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A man was diagnosed with an extremely rare condition after doctors found his heart had swelled so much it filled in his entire chest cavity.

Experts wrote about the anonymous middle-aged man’s case in the British Medical Journal, explaining that his condition is commonly known as “wall-to-wall” heart and is often caused by Ebstein's anomaly – a heart defect typically found in infants.

In the journal, doctors explained that it was discovered because the man had breathlessness that lasted for approximately six months.

When doctors performed a chest X-ray, they found “gross cardiomegaly” – essentially an enlarged heart.

A cardiothoracic ratio (CTR), which measures the ratio of the heart and to what extent it fills the chest cavity, was measured. A CTR of 1 revealed that the man’s thoracic cavity was entirely filled by his heart.

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Ebstein's anomaly is present at birth and occurs when valves between chambers on the right side of the heart fail to close correctly.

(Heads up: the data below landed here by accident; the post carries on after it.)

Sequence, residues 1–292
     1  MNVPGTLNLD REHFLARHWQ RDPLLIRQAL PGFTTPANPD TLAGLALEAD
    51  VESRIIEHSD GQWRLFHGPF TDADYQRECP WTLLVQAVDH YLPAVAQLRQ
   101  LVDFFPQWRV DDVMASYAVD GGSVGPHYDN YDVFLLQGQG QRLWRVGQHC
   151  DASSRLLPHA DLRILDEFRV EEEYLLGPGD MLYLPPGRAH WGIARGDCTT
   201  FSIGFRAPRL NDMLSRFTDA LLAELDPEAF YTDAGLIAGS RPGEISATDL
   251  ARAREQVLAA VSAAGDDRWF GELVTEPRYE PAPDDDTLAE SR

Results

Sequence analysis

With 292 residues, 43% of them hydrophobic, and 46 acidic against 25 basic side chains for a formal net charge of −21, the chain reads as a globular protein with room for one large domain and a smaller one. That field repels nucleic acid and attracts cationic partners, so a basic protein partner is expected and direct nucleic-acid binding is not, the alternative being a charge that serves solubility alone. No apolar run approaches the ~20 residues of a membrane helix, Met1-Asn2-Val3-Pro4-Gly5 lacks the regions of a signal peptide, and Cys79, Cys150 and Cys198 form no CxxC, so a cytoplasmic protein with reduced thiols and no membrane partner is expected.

British Medical Journal

Over time, the flow of blood in the wrong places can cause the heart to enlarge as it has to pump harder. It can cause a weakening of the heart and even heart failure.

The man whose case was referenced in the BMJ underwent surgery, after initially being treated with medications such as beta-blockers, diuretics, anticoagulants and vasodilators.

Doctors corrected an aneurysm on his heart and he was fitted with a mechanical valve. The surgery went as planned and the patient is stable.

In another extremely rare case, it was discovered that a man’s hernia was actually an ovary, cervix and fallopian tube.

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